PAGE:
By Stephen T. Sinatra, M.D., F.A.C.C., F.A.C.N., C.N.S., C.B.T.
What do fast food restaurants and convenience stores have in common? Short and simple, the food they sell – high in refined carbohydrates and sugar − increases the potential for weight gain and diabetes, researchers say.
Through a 2015 investigation, British researchers found that the more fast food outlets in the neighborhood, the greater the risk of diabetes and obesity among the nearby residents. The findings, published in the journal Public Health Nutrition, were based on three public diabetes screening studies in the general population as well as in “socially deprived areas.”
There were a higher number of fast food outlets in non-White ethnic areas and poorer neighborhoods.
Through a U.S. study in the same journal, researchers reported that customers who frequent urban corner convenience stores spend on average $3 per visit. Their most common purchases are sodas, chips, prepared food, pastries, and candy. Regular soda was the most popular beverage purchase.
Corner store purchases averaged 66 grams of sugar – an amount equal to about 16 teaspoons of sugar. The average American consumes about 22 teaspoons a day, three times what’s recommended.The study was based on nearly 10,000 surveys at 192 stores in a low-income area in Philadelphia.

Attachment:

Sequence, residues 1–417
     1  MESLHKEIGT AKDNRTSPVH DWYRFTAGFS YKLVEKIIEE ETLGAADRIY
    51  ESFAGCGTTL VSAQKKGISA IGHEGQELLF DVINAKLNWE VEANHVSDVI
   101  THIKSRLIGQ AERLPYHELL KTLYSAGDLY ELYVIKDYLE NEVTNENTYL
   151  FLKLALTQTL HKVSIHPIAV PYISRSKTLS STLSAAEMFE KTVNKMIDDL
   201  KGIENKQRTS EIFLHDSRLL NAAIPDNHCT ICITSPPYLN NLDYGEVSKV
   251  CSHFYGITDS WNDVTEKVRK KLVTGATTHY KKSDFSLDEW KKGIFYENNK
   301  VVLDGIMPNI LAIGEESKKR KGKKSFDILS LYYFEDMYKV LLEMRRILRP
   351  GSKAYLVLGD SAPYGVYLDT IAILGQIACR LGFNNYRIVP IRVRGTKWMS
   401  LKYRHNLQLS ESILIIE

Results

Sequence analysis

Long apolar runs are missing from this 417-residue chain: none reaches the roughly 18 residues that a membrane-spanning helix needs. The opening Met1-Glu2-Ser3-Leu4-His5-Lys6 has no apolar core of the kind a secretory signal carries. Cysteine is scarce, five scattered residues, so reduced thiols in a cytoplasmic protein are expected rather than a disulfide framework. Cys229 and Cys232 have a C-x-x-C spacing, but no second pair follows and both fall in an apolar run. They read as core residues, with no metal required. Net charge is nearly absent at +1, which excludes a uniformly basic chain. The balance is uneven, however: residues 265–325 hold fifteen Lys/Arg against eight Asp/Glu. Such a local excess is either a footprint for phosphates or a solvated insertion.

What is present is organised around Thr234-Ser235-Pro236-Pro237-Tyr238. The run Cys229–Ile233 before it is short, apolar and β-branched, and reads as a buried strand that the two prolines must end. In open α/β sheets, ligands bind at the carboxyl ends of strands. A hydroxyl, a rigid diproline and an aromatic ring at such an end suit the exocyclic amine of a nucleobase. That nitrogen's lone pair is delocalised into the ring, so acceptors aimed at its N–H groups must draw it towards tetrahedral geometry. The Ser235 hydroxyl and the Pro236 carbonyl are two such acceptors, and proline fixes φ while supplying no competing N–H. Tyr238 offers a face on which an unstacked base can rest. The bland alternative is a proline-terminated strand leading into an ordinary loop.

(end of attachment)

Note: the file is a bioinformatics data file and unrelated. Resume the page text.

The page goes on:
My Viewpoint: What these two interesting studies have in common is that both fast food restaurants and corner convenience stores serve up food items that are very likely contributing to the growing obesity and diabetes epidemics. They feature nutrient-poor refined carbohydrates (white flour buns, crackers, cakes, cookies, candy, sodas, and all the added sugar and sweeteners they contain). Such foods generate high blood sugar, an insulin response, the buildup of abdominal fat and weight gain, and inflammation.
What This Means to You: We live in a junk food society. Food choices make a big difference in how healthy and heavy we are, and even how our brains function. It is unfortunate that the worst foods are widely advertised and thus in high demand. No wonder there is rampant chronic unwellness! Adult-onset diabetes is now increasing at an alarming rate and, most startling of all, affecting significant numbers of children. Diabetes is a gateway to cardiovascular, kidney, and nerve diseases.
Recommendation: Over the years, eating right has been at the top of the list of remedies I recommended to patients. This website is full of information on how to eat healthier. Here’s a starting point to educate yourself. For those of you who frequent fast food restaurants, you have plenty of healthier options if you choose smart. That’s why I wrote my book, The Fast Food Diet. Check it out and expand your fast food universe.
- Bodicoat DH, et al. Is the number of fast-food outlets in the neighbourhood related to screen-detected type 2 diabetes mellitus and associated risk factors? Public Health Nutrition. 2015;18(9): 1698-1705.
- Lent MR, et al. Corner store purchases made by adults, adolescents and children: items, nutritional characteristics and amount spent. Public Health Nutrition. 2015;18(9): 1706-1712.
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